In another embodiment, a solid or soluble carbon nanomaterial reactive agent may be added to a soot extract solution containing carbon nanomaterials. After allowing the carbon nanomaterial reactive agent to remain in contact with the soot extract for a sufficient period of time to allow binding of the empty-cage fullerenes, the solution containing the unreacted carbon nanomaterial, such as the trimetallic nitride endohedral metallofullerenes, may be removed. When a solid carbon nanomaterial reactive agent is used, the soot extract may be filtered, removing the solid carbon nanomaterial reactive agent, leaving only the solution containing unreacted carbon nanomaterial. When a soluble carbon nanomaterial reactive agent is used, the soluble reactive agent may be solvent precipitated out of solution, followed by filtering to leave a solution containing unreacted carbon nanomaterial.

When the trimetallic nitride endohedral metallofullerenes have been selectively separated from other carbon nanomaterials, the trimetallic nitride endohedral metallofullerenes are in a purified form. In some embodiments, the endohedral metallofullerenes may be above about 90% pure relative to other fullerene reaction products. In certain other embodiments, the endohedral metallofullerenes are above about 98% pure. The solvent may be removed to provide a composition of trimetallic nitride endohedral metallofullerenes that is above 90% pure, and in some embodiments above 98% pure.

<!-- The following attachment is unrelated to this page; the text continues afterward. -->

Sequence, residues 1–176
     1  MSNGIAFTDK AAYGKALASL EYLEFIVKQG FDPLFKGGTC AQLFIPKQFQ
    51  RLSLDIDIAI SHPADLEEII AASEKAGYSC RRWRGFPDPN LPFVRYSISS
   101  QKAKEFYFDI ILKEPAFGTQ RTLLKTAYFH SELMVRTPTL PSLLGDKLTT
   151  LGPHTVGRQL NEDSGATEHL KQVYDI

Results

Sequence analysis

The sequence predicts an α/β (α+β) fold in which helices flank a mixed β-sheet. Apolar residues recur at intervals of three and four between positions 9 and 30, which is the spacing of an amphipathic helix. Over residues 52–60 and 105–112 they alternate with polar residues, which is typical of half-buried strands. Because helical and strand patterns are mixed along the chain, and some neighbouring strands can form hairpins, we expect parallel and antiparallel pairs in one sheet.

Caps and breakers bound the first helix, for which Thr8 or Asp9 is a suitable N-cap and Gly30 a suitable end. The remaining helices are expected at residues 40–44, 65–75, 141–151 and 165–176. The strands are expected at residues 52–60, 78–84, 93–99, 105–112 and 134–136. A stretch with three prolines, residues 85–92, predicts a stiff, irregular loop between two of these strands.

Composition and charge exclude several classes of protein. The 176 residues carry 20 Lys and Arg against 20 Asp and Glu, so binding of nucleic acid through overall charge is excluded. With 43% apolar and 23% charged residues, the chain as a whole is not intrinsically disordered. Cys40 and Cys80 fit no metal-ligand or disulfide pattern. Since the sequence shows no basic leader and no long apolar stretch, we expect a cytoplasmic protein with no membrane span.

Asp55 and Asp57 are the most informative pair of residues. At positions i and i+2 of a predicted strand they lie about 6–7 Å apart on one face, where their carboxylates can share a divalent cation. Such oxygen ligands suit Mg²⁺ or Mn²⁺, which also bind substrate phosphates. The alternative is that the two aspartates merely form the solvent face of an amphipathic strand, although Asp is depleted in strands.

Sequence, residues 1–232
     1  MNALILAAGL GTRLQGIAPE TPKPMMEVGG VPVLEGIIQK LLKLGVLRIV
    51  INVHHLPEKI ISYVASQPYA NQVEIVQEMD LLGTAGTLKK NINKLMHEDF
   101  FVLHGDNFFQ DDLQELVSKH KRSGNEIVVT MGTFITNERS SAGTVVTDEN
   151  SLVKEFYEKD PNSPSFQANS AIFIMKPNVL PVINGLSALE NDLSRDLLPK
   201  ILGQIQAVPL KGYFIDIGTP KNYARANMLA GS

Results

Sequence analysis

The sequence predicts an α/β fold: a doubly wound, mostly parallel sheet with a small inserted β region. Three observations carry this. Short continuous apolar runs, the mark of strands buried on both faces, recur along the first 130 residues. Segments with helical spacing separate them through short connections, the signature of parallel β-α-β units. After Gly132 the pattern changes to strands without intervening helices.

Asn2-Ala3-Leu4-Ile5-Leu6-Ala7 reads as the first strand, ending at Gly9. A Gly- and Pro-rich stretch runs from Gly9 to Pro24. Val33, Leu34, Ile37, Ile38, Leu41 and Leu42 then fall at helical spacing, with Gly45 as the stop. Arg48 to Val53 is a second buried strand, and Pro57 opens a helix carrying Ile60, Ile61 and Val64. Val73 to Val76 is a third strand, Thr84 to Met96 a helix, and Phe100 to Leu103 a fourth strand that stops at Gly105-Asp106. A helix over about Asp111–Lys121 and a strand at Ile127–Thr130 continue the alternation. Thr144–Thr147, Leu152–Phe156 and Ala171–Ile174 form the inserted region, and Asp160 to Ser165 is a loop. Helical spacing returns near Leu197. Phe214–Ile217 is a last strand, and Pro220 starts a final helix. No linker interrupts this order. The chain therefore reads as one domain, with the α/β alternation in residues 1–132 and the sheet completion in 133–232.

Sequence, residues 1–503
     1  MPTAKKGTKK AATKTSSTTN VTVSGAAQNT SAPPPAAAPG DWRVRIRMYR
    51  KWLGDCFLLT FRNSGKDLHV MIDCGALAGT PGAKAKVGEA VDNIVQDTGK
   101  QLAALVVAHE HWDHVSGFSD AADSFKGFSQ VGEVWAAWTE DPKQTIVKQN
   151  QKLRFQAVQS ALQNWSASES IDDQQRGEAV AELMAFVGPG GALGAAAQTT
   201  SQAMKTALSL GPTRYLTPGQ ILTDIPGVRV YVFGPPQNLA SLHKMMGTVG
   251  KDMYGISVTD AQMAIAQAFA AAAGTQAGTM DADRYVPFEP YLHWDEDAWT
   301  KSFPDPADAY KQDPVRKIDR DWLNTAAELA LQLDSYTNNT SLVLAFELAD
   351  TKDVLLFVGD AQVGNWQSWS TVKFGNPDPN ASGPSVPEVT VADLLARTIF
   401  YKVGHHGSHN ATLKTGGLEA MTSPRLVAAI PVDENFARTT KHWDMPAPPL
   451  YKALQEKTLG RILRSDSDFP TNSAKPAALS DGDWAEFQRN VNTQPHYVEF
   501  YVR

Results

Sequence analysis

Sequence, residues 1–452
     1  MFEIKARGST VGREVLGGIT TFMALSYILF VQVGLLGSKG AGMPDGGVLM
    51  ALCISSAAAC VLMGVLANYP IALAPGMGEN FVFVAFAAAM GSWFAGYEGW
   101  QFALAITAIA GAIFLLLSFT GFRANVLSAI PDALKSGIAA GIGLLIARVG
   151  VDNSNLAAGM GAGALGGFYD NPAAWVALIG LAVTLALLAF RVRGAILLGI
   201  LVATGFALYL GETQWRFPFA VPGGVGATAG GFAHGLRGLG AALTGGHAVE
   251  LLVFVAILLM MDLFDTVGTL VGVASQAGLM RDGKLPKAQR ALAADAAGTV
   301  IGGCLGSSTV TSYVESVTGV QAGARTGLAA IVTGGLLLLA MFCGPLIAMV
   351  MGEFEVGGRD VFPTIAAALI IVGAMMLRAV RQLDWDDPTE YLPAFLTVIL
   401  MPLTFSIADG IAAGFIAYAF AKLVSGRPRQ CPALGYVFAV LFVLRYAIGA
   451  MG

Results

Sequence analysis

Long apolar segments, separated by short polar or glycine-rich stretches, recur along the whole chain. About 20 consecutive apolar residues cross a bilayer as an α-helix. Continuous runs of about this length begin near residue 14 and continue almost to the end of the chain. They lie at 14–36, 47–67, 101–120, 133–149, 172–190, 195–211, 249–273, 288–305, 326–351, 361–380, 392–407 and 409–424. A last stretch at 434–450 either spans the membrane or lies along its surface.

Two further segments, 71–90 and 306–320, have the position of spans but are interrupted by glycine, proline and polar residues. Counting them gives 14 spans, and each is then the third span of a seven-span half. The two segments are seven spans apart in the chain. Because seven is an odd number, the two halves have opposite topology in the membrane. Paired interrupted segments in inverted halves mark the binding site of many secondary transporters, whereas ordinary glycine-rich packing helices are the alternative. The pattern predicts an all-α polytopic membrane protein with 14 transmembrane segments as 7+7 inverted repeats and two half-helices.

As discussed above, isomers for different carbon nanomaterials may be separated provided that the isomers exhibit different rates of reaction with the carbon nanomaterial reactive agent. For example, as shown in Table I, Sc3N@C80 (Ih) exhibits a relative t1/2 on the order of 80 or more days as compared to Sc3N@C80 (D5h) having a t1/2 of about 3 days with cyclopentadienyl resin in toluene at 25° C., more than 25-fold difference. This difference in relative reactivity allows for the separation of different isomers of trimetallic nitride endohedral metallofullerenes. For example, a soot extract containing the isomers may be contacted with a carbon nanomaterial reactive agent for a time less than is required to appreciably bind the less reactive isomers. The unbound isomers may be removed away from the carbon nanomaterial reactive agent by a suitable solvent. The resultant purified isomers may then again be brought into contact with a carbon nanomaterial reactive agent for a time sufficient to bind one isomer but not appreciably bind the other isomer, thus effectively separating the two isomers due to their difference in reactivity with the carbon nanomaterial reactive agent. The same approach may be utilized to separate other fullerenes or isomers in other fullerenes that have different rates of reaction with the carbon nanomaterial reactive agent, for example, the isomers of C84.